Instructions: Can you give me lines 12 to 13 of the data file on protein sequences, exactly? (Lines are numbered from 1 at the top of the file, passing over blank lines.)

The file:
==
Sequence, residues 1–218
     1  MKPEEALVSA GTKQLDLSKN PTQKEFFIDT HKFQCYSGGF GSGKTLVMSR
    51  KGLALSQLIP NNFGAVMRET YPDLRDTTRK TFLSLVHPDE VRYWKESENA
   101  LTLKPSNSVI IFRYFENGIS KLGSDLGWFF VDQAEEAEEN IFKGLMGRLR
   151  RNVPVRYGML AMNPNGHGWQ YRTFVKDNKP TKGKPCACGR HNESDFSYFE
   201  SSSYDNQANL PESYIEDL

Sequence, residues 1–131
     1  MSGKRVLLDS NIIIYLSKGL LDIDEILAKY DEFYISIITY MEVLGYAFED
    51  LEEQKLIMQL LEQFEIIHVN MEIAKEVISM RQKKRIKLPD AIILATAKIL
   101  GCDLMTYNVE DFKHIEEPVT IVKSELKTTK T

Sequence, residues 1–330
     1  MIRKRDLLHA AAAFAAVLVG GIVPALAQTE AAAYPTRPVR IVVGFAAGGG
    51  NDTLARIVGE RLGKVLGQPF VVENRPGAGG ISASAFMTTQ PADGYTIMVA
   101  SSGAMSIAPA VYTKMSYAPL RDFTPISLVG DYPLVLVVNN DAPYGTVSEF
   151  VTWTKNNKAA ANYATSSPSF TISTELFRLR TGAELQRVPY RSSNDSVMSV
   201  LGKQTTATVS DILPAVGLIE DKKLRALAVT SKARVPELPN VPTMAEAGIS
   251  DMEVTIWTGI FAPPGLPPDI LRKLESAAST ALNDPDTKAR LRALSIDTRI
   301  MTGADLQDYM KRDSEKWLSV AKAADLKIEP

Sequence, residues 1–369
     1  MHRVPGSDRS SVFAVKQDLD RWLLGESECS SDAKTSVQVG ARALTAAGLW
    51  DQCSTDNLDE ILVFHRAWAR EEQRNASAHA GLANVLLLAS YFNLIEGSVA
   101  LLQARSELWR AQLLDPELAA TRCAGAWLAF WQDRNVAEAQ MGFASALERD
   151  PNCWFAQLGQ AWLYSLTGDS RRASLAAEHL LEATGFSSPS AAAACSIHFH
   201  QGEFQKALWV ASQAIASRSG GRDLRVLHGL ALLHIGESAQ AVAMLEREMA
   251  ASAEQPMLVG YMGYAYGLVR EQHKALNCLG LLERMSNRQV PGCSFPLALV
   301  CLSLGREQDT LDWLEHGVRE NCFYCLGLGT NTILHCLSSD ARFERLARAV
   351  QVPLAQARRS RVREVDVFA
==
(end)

     1  MIRKRDLLHA AAAFAAVLVG GIVPALAQTE AAAYPTRPVR IVVGFAAGGG
    51  NDTLARIVGE RLGKVLGQPF VVENRPGAGG ISASAFMTTQ PADGYTIMVA